Rob H.

Robert said...

There's an interesting article over at the Daily Kos about George McGovern commenting on his campaign against Richard Nixon. One of the interesting things he comments on is that the reason he lost is because the other candidates continued sniping at him after he'd won the nomination... and also about changes in the rules for the nomination mid-stream.

While McGovern is a backer of Clinton, his comments hit home against Clinton. Daily Kos expects her to toss him to the wolves quite soon as a result.

Rob H.

Hawker Hurricane said...

When the USN activated the 5th Fleet, in the Persian Gulf, they didn't build new units for it... they just recognized that the number of units deploying to the area from both 2nd and 3rd fleets justified making a seperate command AND command and control diffuculties between 2nd/3rd/6th/7th fleet. I imagine 4th Fleet will be the same: we are deploying enough units on anti-drug ops that someone convinced the White House that they needed another Admiral's billet.

(The cynic in me says that the Navy wanted an excuse to promote more people: a Fleet rates 1 four star, 2-3 three stars, a dozen one and two stars, 25 Captains...)

Jester said...

The "reactor" is another case of Aluminium Tubes.

No water source. No electrial lines. Absolutely no space to produce significant ammounts of electricity on site.

Picture of a building that kind of looks like a North Korean reactor facility, and the docking of a ship of Korean registery which has not left the Med in a decade in a Syrian harbor. That's the "evidence".

William_Shatner said...

Brin said;
"planet-devouring monster."
>> I have a little experience with those myself. But as far as Black Holes are concerned -- I've read a few articles by some of the CERN scientists, and it sounds like they are saying; "We know we can't produce black holes because they are caused by such and such." Which is pretty scary to me, because part of these supercolliders and stuff, is to figure out what makes things like black holes, and to smash protons together, to form little crazy fluctuations in the aether that they keep describing as all these fun little quarks.

You know, only when you are REALLY, REALLY smart, can you attempt to create a Planet-Devouring Monster in order to see that they exist and figure out just in case -- how not to create them. That's like taste testing something on the ground so that you know if you should step in it. I think we are completely safe, only because these guys are extremely lucky. Lucky that Physicists can say things with a great degree of mathematical detail, and rely on the fact that nobody remembers that they abandoned the Previous String Theory that also had great mathematical detail because 99% of everyone was just pretending to understanding it and nodding sagely. It works every time.

[Editors Note: SysOp has deleted Copious text, if this is an issue, please refer to our SysOp policy and let lose impotent rage at our comment email address which is never read.]

While that is a really condensed synopsis of something I could use to melt your mind -- it only vaguely relates to Black Holes. The take-away is; the term; "Universal Escape Velocity is relative" and creating a black hole requires a sufficient "critical mass" that is near to the UEV (or relativistic speeds if you want to bring Einstein into this -- he never referenced previous work so why should I?)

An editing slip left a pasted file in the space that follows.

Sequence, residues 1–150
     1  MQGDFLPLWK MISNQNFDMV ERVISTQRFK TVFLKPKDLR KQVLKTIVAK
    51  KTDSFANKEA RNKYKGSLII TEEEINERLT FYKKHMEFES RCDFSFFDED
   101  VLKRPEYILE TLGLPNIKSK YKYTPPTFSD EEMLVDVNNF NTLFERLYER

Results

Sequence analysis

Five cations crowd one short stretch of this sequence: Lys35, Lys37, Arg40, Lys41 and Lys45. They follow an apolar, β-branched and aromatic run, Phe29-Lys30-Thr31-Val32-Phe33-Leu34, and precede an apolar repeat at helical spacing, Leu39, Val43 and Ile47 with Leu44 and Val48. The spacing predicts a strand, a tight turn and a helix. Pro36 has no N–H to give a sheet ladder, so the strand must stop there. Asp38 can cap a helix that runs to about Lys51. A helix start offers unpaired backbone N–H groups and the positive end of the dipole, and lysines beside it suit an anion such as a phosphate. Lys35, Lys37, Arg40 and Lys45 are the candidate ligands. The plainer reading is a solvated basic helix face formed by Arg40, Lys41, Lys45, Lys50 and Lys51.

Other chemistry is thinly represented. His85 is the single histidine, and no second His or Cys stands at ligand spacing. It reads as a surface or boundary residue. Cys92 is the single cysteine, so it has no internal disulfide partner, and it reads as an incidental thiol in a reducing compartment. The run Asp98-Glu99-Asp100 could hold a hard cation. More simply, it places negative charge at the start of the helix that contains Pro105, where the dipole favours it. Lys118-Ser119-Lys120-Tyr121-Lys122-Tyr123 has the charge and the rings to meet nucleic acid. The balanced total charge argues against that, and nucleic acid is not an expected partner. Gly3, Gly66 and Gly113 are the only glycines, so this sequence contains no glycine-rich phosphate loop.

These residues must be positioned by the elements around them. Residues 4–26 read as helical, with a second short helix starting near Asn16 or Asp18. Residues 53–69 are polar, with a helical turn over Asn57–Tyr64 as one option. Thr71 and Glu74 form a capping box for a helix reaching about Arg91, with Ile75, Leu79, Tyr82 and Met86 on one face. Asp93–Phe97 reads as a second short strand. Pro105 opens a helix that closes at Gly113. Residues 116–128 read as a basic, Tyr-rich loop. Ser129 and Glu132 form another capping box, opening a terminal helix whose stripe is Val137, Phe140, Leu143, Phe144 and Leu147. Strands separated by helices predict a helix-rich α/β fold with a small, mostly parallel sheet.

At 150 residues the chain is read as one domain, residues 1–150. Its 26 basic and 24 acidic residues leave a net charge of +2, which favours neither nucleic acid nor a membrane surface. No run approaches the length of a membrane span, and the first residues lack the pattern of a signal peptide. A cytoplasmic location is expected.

[Editors Note: More blah-blah-blah.]

Anyway, these folks are just plain lucky. They are safe from destroying the world -- but not for the reasons they mention -- black holes, like Fission bombs, need a critical mass of matter that makes a self-sustaining reaction. Remember, when they tested the first atom bombs in the USA -- they had no real idea how much energy they would produce and were surprised when they produced more and thus they had to adapt nuclear theory to match. They could have asked me, but too few people would think to do that. ;-)

William_Shatner said...

----------A LATTER DAY NOSTRADAMUS? ---------
I'm wondering if you are using sublime wit and sarcasm like me now? A Buena Mosquito hanging out with the Bushies because he predicts things good? I thought they went for; "Tell me what I'm thinking and you get a cookie. Put it in a PDB memo and you get a condo in the South of France." I have a hard time believing Math can factor the future, given that it's hard to get all the variables in there, and people have a hard enough time with simple problems like; "Two trains leave the station going opposite directions."

If you want some interesting Nostrodomi (plural, there are two of them), then go to www.peoplenomics.com or pick up some free bread crumbs from www.urbansurvial.com/week.htm for free -- these guys use sophisticated searches of comments on the web, to find the change in how people use words on the Internet(s). Like the Oracle of Delphi, they come up with prosaic predictions like; "Electric Waters Rise in New Orleans" and "New Island in the Pacific" with a date that was one day off on a very rare (because it was first) witnessing of a volcanic island forming from nowhere (the sea floor) in the Pacific. Apparently, they think that people are subconsciously prescient, and that they have an "emotional" reaction to things in the future that cause them an emotional reaction. More of that right brain stuff.